Opponents to such changes, such as the ACLU, argue that FISA has already been updated dozens of times since 1978 and that the justifications for further tweaks offered by the Bush administration are really just looking for new ways to wiretap Americans without a warrant.

Which presidential candidates voted for or against the wiretapping bill?
Voting against the bill: Democrats Hillary Clinton, Barack Obama, Joe Biden, Christopher Dodd and Dennis Kucinich.

Voting for the bill: Republican Sam Brownback.

John McCain and Ron Paul did not vote, but based on his congressional record and public statements, Paul would have likely opposed the legislation. The Senate voting results and House of Representatives results are now online.

Did the votes in the U.S. Congress fall mostly along party lines?
Yes. In the Senate vote on Friday night, not one Republican joined the 28 Democrats who voted against the measure, though 15 Democrats were among the 60 members who voted for the bill.

Some Democrats who voted to approve the bill indicated they did so based on the experience of members of their party who are on the Senate Intelligence Committee. "They chose to give significant weight and deference to the intelligence community on FISA reform, and so did I," freshman Virginia Sen. Jim Webb said in a statement.

On the House side, 41 Democrats joined the 186 Republicans voting for the bill's passage, while just two Republicans joined the 181 Democrats opposing it.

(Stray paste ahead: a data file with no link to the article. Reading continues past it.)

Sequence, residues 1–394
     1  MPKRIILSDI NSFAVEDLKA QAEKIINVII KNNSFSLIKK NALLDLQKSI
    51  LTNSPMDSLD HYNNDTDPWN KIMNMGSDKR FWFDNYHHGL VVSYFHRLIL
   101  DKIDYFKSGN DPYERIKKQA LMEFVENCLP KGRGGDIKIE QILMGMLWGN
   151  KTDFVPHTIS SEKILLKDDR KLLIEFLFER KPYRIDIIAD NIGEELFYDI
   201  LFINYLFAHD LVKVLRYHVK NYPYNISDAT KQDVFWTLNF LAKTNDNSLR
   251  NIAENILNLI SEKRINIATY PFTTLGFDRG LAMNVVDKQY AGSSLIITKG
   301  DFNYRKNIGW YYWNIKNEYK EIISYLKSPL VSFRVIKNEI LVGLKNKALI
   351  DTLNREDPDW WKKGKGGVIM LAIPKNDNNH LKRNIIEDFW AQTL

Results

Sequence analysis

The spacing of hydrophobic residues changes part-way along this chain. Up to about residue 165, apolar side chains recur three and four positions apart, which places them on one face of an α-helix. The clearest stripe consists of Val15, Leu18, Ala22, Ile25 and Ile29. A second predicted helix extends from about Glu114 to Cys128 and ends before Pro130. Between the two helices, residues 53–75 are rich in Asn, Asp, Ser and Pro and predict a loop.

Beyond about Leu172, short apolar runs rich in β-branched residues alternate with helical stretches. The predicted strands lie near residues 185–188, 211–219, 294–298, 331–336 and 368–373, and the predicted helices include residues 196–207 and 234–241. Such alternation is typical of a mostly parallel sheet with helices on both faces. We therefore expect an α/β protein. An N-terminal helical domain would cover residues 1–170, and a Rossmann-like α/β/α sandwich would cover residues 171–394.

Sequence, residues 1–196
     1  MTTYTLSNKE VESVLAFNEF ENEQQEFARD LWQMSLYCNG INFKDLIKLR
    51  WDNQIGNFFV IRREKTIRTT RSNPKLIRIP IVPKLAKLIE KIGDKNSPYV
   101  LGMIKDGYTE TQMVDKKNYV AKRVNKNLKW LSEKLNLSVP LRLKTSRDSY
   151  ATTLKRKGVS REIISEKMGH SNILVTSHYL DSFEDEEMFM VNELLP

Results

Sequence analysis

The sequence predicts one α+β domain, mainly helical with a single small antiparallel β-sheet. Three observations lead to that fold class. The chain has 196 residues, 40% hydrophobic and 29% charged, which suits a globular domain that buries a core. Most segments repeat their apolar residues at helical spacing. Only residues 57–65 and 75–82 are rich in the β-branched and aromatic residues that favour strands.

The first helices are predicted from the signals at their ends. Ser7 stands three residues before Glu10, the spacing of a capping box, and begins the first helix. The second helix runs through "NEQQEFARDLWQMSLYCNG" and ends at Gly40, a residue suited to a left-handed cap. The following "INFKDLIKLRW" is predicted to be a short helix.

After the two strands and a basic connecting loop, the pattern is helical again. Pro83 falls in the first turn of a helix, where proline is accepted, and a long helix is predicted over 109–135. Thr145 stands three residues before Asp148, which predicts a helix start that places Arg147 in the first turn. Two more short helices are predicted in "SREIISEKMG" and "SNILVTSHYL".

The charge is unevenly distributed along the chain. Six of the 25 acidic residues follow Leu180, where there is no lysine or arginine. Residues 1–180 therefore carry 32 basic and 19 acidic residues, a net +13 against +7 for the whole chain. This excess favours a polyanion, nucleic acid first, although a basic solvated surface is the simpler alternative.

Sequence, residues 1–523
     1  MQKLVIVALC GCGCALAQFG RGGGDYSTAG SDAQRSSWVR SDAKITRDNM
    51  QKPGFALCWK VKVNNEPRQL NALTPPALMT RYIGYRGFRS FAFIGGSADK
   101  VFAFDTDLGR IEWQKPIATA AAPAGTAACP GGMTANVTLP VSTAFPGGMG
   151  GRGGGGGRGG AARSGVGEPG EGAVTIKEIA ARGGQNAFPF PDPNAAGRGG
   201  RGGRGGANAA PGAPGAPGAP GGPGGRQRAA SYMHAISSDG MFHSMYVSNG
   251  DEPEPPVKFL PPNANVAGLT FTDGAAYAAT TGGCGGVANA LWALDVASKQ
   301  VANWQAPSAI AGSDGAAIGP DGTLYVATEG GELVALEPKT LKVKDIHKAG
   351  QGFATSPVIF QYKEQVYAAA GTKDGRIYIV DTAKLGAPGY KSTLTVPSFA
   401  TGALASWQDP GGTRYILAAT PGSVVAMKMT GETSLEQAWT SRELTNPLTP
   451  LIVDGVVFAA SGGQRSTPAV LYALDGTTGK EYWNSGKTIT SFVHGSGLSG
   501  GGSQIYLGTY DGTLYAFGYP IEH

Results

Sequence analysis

What happens when this thing expires? Is there any chance it'll be replaced with something different before then?
Both supporters and opponents of the law already have begun publicizing their hopes for the next version of the law. "Our work is not done," President Bush said in a statement after signing the bill--which he characterized as a "temporary, narrowly focused statute"--on Sunday. He called for "comprehensive reform," singling out "the important issue of providing meaningful liability protection to those who are alleged to have assisted our nation following the attacks of September 11, 2001." He was almost undoubtedly referring to shielding the telephone companies that allegedly assisted the government in a less-than-legal way.

House Speaker Nancy Pelosi, meanwhile, has already sent a letter to fellow Democrats Rep. John Conyers, chairman of the House Judiciary Committee, and Rep. Silvestre Reyes, chairman of the House Intelligence Committee, instructing them to craft a new bill that "responds comprehensively to the administration's proposal while addressing the many deficiencies" in the approved law.

Details on that new proposal weren't immediately clear, but a Conyers representative said the chairmen "will want to move swiftly on introducing and moving the legislation in September."